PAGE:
Life On The Frontier At Time Warner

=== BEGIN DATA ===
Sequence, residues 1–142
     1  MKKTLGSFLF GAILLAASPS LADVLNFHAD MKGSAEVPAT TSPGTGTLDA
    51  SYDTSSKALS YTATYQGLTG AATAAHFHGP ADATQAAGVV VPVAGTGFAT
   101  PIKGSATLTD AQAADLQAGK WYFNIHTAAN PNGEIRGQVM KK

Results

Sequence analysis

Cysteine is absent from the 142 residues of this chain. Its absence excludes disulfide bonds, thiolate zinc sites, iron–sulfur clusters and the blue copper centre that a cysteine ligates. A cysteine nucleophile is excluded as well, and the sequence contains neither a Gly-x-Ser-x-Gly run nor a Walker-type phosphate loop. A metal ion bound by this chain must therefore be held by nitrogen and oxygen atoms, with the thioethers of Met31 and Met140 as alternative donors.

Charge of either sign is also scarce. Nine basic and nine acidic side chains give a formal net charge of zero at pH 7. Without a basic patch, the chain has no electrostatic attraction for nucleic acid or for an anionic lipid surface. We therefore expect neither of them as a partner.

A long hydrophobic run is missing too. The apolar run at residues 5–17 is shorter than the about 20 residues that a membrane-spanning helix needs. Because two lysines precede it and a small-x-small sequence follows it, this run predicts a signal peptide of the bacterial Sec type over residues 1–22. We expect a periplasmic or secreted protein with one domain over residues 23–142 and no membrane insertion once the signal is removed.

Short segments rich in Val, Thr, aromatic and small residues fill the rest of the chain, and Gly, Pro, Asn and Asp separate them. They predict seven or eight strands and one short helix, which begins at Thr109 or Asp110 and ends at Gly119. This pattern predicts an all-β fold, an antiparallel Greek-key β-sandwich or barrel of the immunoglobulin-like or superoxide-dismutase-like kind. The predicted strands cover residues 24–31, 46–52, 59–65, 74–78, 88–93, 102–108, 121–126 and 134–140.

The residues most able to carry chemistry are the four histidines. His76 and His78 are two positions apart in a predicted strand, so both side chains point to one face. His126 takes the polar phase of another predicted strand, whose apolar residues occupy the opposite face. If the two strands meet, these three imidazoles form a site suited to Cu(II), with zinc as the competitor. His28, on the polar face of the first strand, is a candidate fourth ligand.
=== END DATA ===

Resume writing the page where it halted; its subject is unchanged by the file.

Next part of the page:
Geoffrey W. Holmes winces painfully at the memory of his first brush with the multimedia world. It was December, 1982, and the Atari Corp. subsidiary of Warner Communications had flooded stores with a new video game based on the hit movie E.T. But the video game craze was fading, and Atari was left with warehouses of unsold games. News of the debacle cut Warner's market value by 32% in one day. As head of investor relations, Holmes had the unenviable task of telling Wall Street what went wrong.

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